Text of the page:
By “retained in confession” I assume you mean that the priest confessor did not give absolution to the penitent for his or her sin. This would be because the confessor judged that the penitent confessing was not sufficiently contrite for the sin committed, usually because he or she lacked the purpose of amendment, that is, was not willing to give up the sin or its near occasion.
Denying absolution is rather rare, since usually, even if the penitent is weak and frequently falls back into sin, at the time of confession he or she is willing to keep on trying, making use of the means of grace and the advice of the confessor. If the confessor perceives that this is lacking, he might refuse absolution, or “retain” the sins confessed. The penitent should use this as a helpful experience and pray for the grace of a true purpose of amendment and real contrition so as to be absolved.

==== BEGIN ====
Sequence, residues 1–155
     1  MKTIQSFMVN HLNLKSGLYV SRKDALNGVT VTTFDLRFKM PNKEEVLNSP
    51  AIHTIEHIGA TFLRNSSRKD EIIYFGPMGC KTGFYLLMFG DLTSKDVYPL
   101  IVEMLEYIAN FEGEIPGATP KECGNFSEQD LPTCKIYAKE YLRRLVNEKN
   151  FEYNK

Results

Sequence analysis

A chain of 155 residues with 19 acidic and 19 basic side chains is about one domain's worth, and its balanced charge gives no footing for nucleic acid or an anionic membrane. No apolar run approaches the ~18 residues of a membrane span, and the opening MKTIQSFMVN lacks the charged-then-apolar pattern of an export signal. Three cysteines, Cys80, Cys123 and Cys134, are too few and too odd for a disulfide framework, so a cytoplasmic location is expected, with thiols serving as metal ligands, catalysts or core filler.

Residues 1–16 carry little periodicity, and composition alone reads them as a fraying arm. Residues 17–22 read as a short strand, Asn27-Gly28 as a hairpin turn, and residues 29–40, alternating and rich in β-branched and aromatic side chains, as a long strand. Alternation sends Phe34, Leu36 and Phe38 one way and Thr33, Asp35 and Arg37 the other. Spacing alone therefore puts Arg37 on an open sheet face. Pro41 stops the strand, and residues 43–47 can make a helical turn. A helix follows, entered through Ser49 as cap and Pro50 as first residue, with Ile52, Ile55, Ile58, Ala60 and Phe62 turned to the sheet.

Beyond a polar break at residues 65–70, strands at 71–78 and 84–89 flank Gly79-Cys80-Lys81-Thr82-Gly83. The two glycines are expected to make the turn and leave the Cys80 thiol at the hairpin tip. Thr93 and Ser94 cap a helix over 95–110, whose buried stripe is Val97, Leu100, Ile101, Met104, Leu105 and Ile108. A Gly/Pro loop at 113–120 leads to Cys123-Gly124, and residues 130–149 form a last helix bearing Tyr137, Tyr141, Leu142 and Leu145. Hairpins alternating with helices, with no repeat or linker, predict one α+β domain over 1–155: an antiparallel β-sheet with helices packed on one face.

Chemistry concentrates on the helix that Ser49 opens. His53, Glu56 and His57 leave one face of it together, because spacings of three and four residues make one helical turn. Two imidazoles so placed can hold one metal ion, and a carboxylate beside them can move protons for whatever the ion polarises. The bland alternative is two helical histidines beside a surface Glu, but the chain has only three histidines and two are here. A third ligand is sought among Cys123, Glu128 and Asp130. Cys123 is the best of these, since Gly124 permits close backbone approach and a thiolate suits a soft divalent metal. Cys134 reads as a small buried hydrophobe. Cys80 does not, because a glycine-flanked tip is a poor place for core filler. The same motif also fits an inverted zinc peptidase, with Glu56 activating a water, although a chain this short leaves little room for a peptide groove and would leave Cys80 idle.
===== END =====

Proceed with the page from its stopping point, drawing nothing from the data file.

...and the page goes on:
Of course, there can be a misunderstanding or the priest could be being unreasonable (though this is rare!), and so the penitent is free to go to another priest and confess again, explaining that he has been refused absolution and that he is still seeking it. The new confessor should listen carefully and evaluate what he hears. He may agree with the first confessor, but if he does not, he is free to absolve the penitent, even if the penitent was refused by another priest.